I lead Chrome's usable security team. We're responsible for building (and improving) browser security features that you can see, like security indicators, browser warnings, and permissions. One of our major initiatives is promoting HTTPS: increasing HTTPS adoption among developers and explaining its value more clearly to end users. I do a mix of frontend work (building UI), experimental design, large-scale data analysis, and managing. Previously, I was a research scientist on Google's security research team.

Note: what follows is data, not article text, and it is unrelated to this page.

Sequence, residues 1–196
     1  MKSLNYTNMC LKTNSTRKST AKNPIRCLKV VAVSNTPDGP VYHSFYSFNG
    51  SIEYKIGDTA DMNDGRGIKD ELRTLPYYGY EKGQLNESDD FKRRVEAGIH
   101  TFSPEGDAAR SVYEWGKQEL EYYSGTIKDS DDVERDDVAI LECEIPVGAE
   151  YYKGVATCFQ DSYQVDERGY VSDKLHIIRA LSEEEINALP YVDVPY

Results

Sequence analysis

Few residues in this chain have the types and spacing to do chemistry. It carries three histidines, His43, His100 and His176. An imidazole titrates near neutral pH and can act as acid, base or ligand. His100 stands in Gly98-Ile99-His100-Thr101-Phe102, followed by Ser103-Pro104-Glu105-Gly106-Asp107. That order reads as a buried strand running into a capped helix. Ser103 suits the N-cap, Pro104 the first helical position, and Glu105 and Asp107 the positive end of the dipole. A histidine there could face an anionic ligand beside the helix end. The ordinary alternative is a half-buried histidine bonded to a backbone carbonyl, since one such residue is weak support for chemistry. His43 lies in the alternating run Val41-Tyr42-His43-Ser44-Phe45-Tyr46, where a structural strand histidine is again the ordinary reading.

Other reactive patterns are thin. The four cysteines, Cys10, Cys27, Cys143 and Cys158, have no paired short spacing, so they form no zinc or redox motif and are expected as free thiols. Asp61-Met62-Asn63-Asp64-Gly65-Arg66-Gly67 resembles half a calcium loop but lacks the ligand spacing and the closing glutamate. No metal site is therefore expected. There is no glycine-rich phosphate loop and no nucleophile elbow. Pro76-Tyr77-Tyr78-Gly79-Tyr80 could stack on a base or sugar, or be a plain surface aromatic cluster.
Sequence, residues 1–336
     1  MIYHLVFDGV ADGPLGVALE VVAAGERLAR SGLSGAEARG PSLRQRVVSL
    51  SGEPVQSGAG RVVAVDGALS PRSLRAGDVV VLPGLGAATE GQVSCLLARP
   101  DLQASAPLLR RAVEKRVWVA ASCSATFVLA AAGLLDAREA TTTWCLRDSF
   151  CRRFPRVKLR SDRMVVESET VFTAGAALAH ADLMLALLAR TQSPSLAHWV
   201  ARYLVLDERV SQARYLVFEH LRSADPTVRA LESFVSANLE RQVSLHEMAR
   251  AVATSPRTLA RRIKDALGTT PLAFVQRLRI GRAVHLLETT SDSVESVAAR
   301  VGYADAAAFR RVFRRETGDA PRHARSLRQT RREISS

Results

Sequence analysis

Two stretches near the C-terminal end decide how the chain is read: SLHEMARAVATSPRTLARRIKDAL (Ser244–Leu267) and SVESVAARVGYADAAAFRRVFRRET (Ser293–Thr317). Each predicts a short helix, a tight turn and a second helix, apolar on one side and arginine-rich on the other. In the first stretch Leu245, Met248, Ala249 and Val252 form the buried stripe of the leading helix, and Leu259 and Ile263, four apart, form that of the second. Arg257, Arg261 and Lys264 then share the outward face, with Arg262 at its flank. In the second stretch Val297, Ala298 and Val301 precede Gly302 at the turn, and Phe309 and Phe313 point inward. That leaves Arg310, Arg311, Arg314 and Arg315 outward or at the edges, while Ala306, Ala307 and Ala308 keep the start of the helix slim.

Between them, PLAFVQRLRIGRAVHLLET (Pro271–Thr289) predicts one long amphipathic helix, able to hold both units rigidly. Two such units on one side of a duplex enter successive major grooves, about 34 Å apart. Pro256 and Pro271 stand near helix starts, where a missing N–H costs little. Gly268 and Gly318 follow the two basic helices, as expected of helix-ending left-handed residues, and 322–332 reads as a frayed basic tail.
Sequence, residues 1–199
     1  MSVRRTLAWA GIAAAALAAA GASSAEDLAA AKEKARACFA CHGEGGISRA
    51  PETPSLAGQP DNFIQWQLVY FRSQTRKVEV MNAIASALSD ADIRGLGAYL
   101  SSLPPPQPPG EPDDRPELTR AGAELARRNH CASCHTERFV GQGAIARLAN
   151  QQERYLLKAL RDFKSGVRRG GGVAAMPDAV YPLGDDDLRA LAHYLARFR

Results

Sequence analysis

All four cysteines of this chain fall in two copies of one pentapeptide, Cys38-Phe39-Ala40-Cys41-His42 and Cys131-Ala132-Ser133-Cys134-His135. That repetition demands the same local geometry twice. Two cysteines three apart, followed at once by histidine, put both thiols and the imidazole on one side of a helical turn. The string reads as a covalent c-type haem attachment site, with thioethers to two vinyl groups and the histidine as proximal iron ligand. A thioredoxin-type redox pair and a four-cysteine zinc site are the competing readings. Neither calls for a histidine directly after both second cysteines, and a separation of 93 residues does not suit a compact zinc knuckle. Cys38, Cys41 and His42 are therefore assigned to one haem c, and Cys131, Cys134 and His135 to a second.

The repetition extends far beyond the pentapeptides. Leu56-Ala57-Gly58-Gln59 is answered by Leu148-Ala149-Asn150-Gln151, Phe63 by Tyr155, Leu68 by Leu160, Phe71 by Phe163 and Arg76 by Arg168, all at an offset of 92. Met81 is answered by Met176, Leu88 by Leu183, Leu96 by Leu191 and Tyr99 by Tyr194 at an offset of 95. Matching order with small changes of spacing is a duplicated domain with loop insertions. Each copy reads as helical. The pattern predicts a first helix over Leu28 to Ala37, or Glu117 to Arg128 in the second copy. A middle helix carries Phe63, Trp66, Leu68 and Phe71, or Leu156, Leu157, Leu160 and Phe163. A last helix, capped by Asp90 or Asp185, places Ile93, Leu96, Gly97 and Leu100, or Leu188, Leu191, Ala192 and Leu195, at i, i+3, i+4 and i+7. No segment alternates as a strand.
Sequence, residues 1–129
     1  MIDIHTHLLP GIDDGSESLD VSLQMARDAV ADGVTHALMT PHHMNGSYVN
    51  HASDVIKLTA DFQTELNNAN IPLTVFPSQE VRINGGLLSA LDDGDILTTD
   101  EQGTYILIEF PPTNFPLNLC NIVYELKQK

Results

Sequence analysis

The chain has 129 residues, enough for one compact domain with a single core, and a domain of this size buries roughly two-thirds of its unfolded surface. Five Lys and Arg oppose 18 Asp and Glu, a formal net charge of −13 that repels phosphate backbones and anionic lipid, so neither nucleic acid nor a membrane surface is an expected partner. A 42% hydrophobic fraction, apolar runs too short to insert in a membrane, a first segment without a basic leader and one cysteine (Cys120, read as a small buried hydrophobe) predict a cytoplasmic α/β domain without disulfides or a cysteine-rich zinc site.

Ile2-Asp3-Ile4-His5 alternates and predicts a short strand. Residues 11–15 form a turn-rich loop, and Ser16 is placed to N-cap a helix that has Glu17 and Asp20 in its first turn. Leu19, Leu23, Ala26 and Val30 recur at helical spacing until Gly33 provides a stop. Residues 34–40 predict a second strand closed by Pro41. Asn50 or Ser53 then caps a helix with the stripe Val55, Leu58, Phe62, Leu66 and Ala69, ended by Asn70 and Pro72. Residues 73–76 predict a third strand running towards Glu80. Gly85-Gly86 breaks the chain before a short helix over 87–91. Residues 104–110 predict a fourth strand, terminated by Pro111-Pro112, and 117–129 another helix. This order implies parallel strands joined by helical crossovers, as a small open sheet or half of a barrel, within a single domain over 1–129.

Before I got to Google, I earned a PhD in Computer Science from UC Berkeley. My dissertation was on permission systems, and I was advised by David Wagner. I attended the University of Virginia for undergrad, where I had the opportunity to work with David Evans.
I volunteer in the research community as a speaker, committee member, and reviewer. USENIX Security is my favorite conference, and I've served there as a program committee member (2013-2016), invited talks chair (2016), and soon-to-be program committee chair (2018). I've also served on committees for other conferences including SOUPS and IEEE Symposium on Security & Privacy.